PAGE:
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In a time span of almost forty years, from the end of 1970 to the first 2000 a considerable number of things happen. For example, analogue electronic recording formats change and a man can move between countless, even if finite, places and cross thousands of situations, meeting hundreds and hundreds and hundreds of faces, conducting the most varied conversations in the most unusual moments of day or night. He can find himself for dinner, lunch, or breakfast along the riverfront of the Gange or in a cold bar of Berlin. Children grow up, lovers and governments change, an outrageous number of new films come out that can usually be seen in the same festivals or in cinemas. Sometimes friends die, some may be lost, new ones are found. Life happens, and when narrating it in may almost be everyone's life. For the man with the camera, however, it is different. After this incessant coming of time, he has on his side a huge quantity of recordings ready to be rewinded, to tell something that was never seen before. That man in this film is Enrico Ghezzi, the most brilliant and influential author of Italian television, the most painter and lyricist of cinema critics, the man who in an afternoon in a quiet Rome rose up: this film will be called The Last Days of Humanity.
At the end of the 1970s, Enrico Ghezzi was about thirty years old and he was holding his first video camera, unknowingly starting his private archive. Forty years later, this archive has more than 700 hours of footage and has the advantage of containing a huge and inaccurate look at the planet, a critical and dialoguing body of voices, the trace of a rich emotional life. Since its inception, this film has never cherished the idea of a bio graphical story. On the table there has always been a broader bet that frames the man with the camera as one of the figures present in the largest theater in the world of human affairs. “Humanity in the cinema sees itself for the first time” says Ghezzi to the philosopher Emanuele Severino, and it is on this tension that the desire for this film began to organize itself. But how is it possible to revise humanity in a film? And above all, what is humanity? And again, are the last days now? Do they have to arrive or have they already passed? These questions have had a precise counterpart from the beginning: for the authors, humanity is the ability of each individual to feel feelings and carry out a free will.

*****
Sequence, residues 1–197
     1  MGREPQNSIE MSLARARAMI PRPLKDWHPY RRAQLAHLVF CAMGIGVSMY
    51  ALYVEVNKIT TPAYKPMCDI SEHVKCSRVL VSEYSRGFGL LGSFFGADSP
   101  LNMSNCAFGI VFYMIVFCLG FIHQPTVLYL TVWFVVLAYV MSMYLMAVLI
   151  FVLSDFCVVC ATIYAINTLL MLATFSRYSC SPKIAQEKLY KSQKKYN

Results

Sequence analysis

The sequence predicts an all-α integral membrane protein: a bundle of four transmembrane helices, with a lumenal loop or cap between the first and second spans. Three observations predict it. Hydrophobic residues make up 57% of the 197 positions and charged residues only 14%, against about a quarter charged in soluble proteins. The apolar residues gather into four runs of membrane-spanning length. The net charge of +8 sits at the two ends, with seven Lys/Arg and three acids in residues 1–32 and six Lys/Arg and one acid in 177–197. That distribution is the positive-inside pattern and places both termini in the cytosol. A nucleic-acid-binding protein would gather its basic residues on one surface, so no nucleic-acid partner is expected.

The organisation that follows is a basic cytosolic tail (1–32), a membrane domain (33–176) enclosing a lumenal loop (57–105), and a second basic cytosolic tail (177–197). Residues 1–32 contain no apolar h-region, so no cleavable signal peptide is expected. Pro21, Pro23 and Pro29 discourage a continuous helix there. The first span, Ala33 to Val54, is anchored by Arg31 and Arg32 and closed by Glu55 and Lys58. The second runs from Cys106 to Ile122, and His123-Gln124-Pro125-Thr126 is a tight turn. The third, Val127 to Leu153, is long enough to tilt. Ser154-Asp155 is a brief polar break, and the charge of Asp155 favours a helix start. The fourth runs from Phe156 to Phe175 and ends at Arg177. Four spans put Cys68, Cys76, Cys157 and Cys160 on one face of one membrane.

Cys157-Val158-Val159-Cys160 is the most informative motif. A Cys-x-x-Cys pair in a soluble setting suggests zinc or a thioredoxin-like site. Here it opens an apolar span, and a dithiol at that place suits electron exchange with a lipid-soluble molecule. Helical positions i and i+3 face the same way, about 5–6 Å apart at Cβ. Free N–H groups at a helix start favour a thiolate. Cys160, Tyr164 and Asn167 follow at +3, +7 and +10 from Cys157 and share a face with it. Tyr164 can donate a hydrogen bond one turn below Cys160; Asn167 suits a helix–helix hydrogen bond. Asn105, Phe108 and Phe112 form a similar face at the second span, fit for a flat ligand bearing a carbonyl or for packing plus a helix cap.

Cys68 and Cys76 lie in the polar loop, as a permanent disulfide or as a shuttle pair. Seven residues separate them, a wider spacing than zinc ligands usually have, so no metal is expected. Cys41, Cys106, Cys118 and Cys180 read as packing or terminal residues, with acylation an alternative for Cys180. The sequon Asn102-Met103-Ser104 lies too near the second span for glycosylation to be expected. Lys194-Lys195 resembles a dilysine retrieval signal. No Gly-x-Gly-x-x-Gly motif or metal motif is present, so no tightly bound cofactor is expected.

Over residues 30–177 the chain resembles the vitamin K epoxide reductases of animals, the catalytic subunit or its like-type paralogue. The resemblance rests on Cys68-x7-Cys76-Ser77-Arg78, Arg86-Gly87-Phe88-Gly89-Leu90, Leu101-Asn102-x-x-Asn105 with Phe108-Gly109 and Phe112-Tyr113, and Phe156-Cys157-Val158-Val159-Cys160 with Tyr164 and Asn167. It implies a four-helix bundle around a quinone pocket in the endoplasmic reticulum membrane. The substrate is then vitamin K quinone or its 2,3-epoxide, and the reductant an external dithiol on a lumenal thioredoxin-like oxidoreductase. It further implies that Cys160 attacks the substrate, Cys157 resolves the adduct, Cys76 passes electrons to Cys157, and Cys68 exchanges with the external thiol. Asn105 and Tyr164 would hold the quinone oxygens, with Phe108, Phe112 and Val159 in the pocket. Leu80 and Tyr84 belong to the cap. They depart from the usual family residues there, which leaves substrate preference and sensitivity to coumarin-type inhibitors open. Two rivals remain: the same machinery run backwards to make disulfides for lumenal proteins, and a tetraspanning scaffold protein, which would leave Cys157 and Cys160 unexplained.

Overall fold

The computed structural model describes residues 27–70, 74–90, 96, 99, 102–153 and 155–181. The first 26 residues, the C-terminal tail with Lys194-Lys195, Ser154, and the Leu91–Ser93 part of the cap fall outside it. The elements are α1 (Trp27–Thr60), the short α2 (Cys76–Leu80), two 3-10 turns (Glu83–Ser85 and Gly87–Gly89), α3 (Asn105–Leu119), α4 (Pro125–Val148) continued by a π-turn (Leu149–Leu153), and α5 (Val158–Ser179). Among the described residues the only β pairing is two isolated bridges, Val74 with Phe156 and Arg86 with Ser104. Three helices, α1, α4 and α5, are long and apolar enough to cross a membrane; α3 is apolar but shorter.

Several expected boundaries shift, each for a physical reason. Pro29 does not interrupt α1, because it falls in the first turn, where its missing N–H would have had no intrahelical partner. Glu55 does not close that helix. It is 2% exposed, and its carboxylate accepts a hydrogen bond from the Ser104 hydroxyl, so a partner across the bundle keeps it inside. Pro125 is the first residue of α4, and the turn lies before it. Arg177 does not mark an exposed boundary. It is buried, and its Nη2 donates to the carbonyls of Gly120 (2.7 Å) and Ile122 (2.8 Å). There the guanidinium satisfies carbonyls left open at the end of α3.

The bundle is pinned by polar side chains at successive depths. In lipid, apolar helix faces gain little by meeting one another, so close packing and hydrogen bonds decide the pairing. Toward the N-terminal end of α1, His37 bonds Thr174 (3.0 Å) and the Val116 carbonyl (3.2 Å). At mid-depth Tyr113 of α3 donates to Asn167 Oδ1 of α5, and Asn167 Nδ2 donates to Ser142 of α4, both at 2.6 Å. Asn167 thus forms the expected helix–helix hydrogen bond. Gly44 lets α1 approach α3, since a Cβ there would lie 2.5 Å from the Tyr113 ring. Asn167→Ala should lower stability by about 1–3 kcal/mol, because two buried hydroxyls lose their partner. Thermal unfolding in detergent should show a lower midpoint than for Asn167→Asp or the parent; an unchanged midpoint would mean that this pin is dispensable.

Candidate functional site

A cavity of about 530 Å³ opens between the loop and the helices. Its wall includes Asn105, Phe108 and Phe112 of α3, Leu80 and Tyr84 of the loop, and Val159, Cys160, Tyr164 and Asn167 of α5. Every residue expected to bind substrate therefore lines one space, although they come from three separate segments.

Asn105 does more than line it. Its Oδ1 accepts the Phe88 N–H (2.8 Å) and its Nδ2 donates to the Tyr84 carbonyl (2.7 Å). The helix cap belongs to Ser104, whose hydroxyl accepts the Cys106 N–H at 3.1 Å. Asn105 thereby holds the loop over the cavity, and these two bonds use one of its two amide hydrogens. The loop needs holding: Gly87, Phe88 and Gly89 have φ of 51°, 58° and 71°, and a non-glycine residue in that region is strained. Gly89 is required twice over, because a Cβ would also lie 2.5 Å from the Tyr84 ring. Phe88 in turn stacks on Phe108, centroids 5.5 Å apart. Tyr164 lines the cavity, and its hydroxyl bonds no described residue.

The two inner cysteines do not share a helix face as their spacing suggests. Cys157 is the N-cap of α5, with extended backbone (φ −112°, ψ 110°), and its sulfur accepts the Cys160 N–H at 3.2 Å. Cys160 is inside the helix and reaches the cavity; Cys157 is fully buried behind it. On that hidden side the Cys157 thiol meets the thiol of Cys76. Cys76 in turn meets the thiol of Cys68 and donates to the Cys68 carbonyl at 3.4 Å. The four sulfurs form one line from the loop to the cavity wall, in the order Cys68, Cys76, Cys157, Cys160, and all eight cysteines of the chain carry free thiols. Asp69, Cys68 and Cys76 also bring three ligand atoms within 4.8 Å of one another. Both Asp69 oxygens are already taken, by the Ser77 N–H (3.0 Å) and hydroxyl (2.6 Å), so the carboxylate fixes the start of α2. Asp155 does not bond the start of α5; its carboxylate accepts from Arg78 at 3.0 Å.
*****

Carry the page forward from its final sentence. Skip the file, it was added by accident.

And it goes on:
Maria Héléne Bertino, Caterina Bianco, Rosalia Cecere, Federico Decandia, Michele De Finis, Gianvito D’Orio, Renato Grieco, Antonio Raia, Maria Vittoria Rossi, Matteo Attilio Sardo (Sonorizzazioni, vocalizzi e fischi); Silvia Maglioni, Graeme Thomson, Giuliana Zeppegno (Traduzioni e sottotitoli)
Aura Ghezzi e con le voci di Adelchi Ghezzi, enrico ghezzi, Toni Servillo
79. Mostra Internazionale d’Arte Cinematografica La Biennale di Venezia Fuori Concorso – Non Fiction